Emilio Frazolli was one of the founders of nuTonomy, a startup leading the transition towards autonomous vehicles. Formerly professor of Aeronautics and Astronautics at MIT, he is now professor at the ETH in Zurich and chief scientist of Motional. He recently invested in Unistellar through its equity crowdfunding campaign.
As a founder of NuTonomy, one of the startups leading the transition towards autonomous vehicles, what are your thoughts on digital telescopes and how they disrupt the traditional amateur astronomy market ?
Nowadays, too many people think of themselves as “serial entrepreneurs” and want to start the next big tech startup. Mostly you see people rehashing others’ ideas in hopes of making a quick buck. It is much rarer to see founders who are passionate about a genuinely new idea, believe in its market potential, and have a clear vision on how to bring it to fruition.
When I started nuTonomy with a colleague at MIT, I was not thinking primarily about financial gains (which I knew would be even more elusive than those nebulae). My main motivation was to make my vision for the future of mobility a reality, because I saw it as a way to improve the lives of urban dwellers worldwide. In Laurent and Arnaud, the founders of Unistellar and inventors of the eVscope, I see the same passion and desire to make space and astronomy much more accessible to a vast audience.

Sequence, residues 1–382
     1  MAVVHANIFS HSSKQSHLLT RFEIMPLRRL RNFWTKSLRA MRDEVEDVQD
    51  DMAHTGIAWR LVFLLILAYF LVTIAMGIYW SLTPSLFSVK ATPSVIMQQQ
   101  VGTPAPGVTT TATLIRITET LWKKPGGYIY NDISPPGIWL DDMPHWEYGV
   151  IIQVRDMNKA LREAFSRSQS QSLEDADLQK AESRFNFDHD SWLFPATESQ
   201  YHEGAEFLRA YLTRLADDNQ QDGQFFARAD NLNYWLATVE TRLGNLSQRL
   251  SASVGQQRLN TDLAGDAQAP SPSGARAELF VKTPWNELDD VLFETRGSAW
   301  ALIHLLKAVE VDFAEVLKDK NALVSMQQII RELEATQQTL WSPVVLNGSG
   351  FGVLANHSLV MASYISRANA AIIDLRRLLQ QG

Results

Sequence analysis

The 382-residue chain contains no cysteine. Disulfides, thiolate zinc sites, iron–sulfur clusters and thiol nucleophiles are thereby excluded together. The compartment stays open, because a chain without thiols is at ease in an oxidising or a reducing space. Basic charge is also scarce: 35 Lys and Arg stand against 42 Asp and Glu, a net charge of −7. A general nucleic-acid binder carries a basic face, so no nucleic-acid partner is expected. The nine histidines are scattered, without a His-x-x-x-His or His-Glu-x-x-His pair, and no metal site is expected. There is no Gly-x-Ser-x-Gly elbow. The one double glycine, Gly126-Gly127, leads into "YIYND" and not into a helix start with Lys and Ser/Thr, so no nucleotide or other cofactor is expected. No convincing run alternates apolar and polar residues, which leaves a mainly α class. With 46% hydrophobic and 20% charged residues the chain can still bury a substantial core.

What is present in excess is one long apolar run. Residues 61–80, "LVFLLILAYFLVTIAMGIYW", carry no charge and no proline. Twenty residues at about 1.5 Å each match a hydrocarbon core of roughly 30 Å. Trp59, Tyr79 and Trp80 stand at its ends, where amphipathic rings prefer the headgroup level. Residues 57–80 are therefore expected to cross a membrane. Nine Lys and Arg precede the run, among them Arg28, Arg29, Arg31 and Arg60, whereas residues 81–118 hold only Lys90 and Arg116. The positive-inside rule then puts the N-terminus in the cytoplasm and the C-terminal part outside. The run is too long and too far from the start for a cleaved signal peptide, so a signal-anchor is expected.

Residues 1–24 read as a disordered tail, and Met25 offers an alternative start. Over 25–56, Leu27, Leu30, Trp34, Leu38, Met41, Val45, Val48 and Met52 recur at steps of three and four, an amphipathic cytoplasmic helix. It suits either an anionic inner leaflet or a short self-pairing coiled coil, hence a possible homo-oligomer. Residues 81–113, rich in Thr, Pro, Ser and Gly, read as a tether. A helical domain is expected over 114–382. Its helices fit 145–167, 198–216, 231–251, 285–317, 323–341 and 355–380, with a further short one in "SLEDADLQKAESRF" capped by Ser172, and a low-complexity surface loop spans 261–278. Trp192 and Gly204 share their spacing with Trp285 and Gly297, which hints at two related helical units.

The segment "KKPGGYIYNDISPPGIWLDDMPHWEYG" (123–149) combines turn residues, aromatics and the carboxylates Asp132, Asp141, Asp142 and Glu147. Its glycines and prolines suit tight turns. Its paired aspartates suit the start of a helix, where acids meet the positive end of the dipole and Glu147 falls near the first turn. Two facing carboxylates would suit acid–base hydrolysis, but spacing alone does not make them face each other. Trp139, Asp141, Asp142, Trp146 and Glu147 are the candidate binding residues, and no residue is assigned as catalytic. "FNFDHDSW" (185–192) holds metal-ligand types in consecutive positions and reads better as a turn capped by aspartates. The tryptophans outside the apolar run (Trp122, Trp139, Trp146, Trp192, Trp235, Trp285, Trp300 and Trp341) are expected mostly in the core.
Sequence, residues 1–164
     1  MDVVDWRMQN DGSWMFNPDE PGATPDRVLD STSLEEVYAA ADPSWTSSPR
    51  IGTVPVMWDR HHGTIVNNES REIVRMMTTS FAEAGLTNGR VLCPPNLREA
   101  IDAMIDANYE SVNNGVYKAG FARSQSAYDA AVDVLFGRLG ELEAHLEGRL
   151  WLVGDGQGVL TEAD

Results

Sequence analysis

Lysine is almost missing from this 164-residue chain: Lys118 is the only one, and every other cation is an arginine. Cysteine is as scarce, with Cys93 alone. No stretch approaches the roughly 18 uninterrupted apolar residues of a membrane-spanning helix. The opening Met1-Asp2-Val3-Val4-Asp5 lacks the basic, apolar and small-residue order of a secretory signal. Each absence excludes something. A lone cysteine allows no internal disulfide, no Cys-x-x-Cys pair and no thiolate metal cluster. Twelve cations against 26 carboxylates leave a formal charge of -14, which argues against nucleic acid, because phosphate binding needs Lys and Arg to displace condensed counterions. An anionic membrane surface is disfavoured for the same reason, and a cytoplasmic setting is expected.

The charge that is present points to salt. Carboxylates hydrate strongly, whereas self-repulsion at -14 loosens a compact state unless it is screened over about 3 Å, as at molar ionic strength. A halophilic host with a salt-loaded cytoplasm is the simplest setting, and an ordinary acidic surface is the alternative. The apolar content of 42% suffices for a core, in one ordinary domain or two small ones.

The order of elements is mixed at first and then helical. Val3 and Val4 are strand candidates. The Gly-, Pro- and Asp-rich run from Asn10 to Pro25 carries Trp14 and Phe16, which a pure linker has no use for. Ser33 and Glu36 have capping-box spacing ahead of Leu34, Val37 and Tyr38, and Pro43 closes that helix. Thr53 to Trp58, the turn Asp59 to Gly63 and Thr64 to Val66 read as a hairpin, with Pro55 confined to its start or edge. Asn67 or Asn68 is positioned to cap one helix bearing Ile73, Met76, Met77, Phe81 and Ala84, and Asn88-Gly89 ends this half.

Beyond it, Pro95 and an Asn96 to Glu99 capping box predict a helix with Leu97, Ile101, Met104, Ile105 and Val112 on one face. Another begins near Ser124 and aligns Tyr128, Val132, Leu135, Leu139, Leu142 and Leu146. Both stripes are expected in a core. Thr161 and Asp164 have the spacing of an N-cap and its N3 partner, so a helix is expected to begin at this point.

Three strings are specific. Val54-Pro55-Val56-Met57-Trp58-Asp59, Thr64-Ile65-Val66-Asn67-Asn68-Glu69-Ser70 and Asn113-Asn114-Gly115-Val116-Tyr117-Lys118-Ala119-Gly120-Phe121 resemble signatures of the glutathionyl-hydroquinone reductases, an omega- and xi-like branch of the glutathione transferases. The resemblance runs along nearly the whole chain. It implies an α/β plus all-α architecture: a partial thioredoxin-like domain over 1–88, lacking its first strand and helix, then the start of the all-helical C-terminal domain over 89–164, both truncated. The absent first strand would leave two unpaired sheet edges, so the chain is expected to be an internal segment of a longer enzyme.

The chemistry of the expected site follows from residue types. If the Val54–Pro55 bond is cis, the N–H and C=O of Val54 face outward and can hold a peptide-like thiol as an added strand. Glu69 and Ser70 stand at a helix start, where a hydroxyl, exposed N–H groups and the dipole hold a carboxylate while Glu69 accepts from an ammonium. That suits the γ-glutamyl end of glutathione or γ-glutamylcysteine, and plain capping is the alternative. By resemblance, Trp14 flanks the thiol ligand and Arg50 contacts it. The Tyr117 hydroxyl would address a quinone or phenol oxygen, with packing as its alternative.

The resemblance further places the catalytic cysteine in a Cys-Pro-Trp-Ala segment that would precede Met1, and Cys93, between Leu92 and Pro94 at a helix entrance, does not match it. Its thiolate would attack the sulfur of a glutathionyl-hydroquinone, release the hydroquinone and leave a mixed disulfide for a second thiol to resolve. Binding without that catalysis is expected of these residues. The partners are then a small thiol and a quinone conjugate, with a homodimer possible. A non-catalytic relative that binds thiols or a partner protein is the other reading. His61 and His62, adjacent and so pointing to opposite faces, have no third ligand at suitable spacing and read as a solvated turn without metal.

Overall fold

Could you give us your perspective on equity crowdfunding, how meaningful do you think it is?
One of the unfortunate realities of traditional models of finance and venture capital is that access to some of the most rewarding forms of investments are reserved to deep-pocketed individuals and institutions. Equity crowdfunding is a way to democratize investment into private equity, which is otherwise inaccessible to most people. On the other hand, it is also a risky and illiquid form of investment, so people should only invest what they would be comfortable losing.
Unistellar is a profitable company after nine months of commercialization, how do you value this metric as an investor ?
One of the recommendations I make to potential startup founders is to be the harshest critics of themselves and their idea. The Unistellar founders did not stop at the idea for the eVscope, they thought carefully about execution and market potential. Their efforts are being rewarded by the market — this shows not only that they had the right intuition, but also that the eVscope is a great product that can have a significant impact on the amateur astronomy market.
What kind of space lover are you ?
I have been fascinated by space since I was a young child. I bought my first telescope as a teenager, in 1986, just in time to observe Halley’s comet latest approach. I spent numerous long and cold nights in my backyard, trying to observe elusive objects like nebulae and far galaxies—but it was frustrating to realize that, instead of the colorful pictures I could see in the astronomy books, I would only be able to detect a faint outline, if lucky.
Now my children are getting to an age when they can start appreciating astronomy. The Unistellar eVscope is a fantastic device that allows me to show them those same objects I was chasing, but much more clearly, and without all the work and preparation that were required in the old days. In today’s world, in which one must compete with smartphones and tablets to get a child’s attention, this can make a huge difference—and I hope that the eVscope will be just the first step in a lifelong interest in space and astronomy.